I'm curious about your actual practice. Most of your portfolios show photos from a wide range of scenes and distances and subjects. The main thing tying them together is a sort of mood or symbolic feeling. It makes me wonder how you find these pictures in the real world. With such a near universal cupboard of subject matter to choose from how do you know when to push the shutter?

I don't plan anything. I am constantly photographing from my life experience. I always have a camera with me and unusual opportunities for photographs simply offer themselves to me. I don't consciously work on a 'project'. I just photograph life.

Jason Langer, Bride and Groom, 2011

A good example- when my wife and I were recently in Austin, we walked into the hotel lobby late and a bride and groom had just walked in. They didn't have anyone with them and they were signing into the registry. The clerk was somewhere else. So here was this couple who had just married, checking into their new life. They are alone surrounded by an empty hotel. That's meaningful and unusual. You can read into it what you wish.

Reality and metaphor in one scene.

Or another time I was walking in Paris and ran into a Dior model just getting out of a fashion show. I see this woman walking past me with this fabulous set of legs and stockings. A man is holding her arm and escorting her. I simply followed behind them until I got something emblematic. Again- a story with open ended meaning but somehow iconic.

Jason Langer, Fashion Week, 2010

I know it's a stupid question but what sort of camera?

A variety. I started with a Mamiya C330 then went Hasselblad, then Contact 645 then Fuji 645 and then Mamiya. I normally have about 3 medium format cameras with me at all times so I'm ready for the right situation and the right camera. Always Tri-X.

You must have a heavy bag.

Lots of glass but a couple of the cameras are collapsible. One thing for me is crucial though in making good pictures. I usually wait a long time before I show my work. I have waited as much as 2 years before even processing film. That came from being so busy with life, personal matters and children. But it's a huge blessing to be behind. It really allows me to view the images later with some distance and see which images jump out of the contact sheet and rise to the top.

I agree. I'm six months behind in printing. I think it's the perfect gap because the environment outside looks so different from what's on your film.

Let's change gears a little. I'm curious about your book Secret City. How did the project evolve and when did Nazraeli get involved?

I created those images over a 15 year period and kept working on a book dummy all that time.

Wow. So pretty much since High School?

Not so much since high school, but mostly since I graduated from college. I was quite shy but I sent it to Kenna one day and asked him what he thought of it and if he thought it to be worthy to please show it to Nazraeli. Nazraeli loved it and wanted to publish it as is- with no changes. This was very gratifying and took many years to complete. My next Nazraeli Book Possession is exactly the same thing. It's mostly pictures from the last 10 years with some oldies mixed in that really tie the work together.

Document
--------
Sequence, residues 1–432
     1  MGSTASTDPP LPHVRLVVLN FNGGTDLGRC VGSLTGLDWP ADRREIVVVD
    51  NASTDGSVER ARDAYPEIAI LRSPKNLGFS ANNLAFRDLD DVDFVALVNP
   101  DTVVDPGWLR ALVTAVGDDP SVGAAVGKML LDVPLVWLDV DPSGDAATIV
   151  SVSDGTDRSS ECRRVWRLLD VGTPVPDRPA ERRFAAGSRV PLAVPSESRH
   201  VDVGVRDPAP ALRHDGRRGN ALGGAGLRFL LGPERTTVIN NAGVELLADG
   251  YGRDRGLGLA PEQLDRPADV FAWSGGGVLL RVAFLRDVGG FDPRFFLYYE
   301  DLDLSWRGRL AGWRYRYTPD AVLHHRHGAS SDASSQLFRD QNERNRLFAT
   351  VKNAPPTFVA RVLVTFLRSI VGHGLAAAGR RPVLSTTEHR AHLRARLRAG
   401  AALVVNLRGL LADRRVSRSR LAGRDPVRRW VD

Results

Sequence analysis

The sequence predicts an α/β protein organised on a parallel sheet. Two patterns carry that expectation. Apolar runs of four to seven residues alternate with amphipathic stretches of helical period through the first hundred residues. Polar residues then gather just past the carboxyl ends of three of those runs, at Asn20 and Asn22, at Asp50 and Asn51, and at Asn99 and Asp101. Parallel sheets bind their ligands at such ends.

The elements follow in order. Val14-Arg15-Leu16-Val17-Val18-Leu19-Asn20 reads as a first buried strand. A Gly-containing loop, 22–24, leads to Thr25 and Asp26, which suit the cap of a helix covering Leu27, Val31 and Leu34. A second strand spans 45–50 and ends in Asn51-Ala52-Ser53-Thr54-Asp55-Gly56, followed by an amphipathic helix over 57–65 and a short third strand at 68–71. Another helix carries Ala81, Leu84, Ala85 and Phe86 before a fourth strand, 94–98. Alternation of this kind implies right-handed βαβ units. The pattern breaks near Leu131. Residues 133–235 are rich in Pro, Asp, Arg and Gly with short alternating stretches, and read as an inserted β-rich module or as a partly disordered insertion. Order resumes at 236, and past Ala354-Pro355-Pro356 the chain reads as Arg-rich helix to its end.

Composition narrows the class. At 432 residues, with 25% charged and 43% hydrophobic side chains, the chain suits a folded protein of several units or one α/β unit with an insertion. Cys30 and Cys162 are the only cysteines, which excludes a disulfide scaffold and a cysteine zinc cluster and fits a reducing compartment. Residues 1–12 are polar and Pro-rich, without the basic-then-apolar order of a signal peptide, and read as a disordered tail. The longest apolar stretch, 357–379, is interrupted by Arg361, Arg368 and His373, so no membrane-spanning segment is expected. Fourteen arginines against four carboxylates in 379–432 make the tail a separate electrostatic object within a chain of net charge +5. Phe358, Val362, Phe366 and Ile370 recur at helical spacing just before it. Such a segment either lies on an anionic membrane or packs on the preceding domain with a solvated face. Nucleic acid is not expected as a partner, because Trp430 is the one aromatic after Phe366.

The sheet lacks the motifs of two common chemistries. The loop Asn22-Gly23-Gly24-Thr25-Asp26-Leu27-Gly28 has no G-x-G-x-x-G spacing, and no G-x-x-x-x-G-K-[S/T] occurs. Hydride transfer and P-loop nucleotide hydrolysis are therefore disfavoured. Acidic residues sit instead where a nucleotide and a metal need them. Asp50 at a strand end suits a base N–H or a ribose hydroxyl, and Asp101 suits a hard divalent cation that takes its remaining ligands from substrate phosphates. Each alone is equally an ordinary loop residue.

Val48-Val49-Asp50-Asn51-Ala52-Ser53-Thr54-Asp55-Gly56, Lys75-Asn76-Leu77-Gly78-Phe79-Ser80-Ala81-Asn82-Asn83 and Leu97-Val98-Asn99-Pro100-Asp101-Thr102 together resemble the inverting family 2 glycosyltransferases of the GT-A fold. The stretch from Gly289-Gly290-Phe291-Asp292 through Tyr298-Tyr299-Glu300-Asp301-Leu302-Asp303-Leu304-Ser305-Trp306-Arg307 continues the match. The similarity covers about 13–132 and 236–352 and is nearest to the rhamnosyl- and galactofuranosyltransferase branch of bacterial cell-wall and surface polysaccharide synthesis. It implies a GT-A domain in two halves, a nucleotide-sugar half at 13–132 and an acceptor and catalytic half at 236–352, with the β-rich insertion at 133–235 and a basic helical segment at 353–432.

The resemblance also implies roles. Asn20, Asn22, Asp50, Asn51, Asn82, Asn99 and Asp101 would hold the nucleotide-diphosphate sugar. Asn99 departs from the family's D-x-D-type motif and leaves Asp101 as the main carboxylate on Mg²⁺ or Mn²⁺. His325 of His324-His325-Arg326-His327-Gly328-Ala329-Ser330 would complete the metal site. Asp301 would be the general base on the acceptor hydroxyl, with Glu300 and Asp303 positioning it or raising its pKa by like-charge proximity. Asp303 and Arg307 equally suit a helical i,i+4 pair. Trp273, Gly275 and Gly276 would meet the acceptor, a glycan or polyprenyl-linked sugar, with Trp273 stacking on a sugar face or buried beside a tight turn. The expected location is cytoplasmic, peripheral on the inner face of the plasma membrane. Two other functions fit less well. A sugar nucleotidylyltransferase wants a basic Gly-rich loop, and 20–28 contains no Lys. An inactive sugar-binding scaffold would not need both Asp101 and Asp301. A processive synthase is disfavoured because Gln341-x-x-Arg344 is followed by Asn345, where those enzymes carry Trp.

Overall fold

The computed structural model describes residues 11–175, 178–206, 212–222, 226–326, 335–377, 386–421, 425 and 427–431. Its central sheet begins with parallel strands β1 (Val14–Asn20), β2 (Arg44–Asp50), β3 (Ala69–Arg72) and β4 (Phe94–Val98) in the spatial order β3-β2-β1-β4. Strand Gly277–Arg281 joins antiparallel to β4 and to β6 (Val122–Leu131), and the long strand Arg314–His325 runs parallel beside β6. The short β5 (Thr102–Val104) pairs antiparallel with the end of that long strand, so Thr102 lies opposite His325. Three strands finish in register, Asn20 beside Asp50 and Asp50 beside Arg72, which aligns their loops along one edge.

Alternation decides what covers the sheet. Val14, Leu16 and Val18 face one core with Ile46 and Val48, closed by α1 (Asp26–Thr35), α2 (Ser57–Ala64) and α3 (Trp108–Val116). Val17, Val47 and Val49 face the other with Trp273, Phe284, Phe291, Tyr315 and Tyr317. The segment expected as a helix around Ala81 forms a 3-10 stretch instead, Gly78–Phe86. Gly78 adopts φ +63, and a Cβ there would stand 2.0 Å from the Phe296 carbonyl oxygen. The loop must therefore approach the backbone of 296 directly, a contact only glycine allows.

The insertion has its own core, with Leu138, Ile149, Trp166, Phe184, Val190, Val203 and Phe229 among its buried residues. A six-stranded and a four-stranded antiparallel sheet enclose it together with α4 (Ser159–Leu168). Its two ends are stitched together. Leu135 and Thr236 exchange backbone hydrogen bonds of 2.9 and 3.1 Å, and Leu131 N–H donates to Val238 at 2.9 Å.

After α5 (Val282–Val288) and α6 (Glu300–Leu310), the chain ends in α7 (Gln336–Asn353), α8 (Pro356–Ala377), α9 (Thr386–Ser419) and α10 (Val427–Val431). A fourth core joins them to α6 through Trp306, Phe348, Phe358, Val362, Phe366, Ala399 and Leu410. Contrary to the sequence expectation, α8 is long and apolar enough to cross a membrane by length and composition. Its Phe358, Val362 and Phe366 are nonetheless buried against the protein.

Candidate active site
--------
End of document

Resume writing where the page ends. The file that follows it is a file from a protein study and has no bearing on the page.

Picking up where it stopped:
How will it be different? Looking online it seems the pictures are perhaps a bit more controlled?

The difference is that this group of pictures is both more haunting than Secret City, but also more romantic. It has many more doppelganger-like still lives and also starting in 1998 I started photographing a lot of nudes- both men and women.

This came about because I moved to LA and had 2 kids. I had very little time to photograph in between diaper changes and teaching full time and I wanted to get away from the constant LA light so I started asking people- friends and their friends if I could hang out with them at home to see if some good pictures would come about. They did. I was using about 6 rolls of medium format film in about 1 1/2 hours and I would usually come up with 1 or 2 good pictures. You keep adding these up over years and lo and behold you have a 'project'. So there are a lot of images from those sessions mixed in.

Jason Langer, Pianist, After Hours, 1995

The nudes are of friends?

Friends and their friends.

I figured they were models. They look pretty trim. How is it photographing someone in the nude who you know well?

Someone who wants to be photographed nude is usually comfortable with themselves and their bodies and wants to be documented looking good. I no longer photograph women. I think I got as far as I wanted to go. Now I am only photographing men.

I also experimented to see what would happen if I brought nude men and women together. What I got was intimacy and lovemaking- it just happened so I started photographing it and again some pretty exciting pictures came out.

So you were playing matchmaker? Or were these people couples before you brought them together?

Only one couple didn't know each other- the first couple, but then they were are all boyfriend/girlfriend or married couples. One couple was having an affair which was really exciting. 

Then word started getting around that I was doing this work and friends decided to make love for the camera- actually mostly friends of friends- people I didn't know very well- that made it easier. I also posted some Craigslist ads to offer people some money for their services. I made about 300 of those pictures and created a nice special edition folio which is only available though dealers. I do not make jpegs of those. They're simply too intimate and I don't want those images floating around on the web.

So how is it photographing a good friend nude?

The best friend and the most fun I have photographing a friend nude is my wife Lucy- she's the best.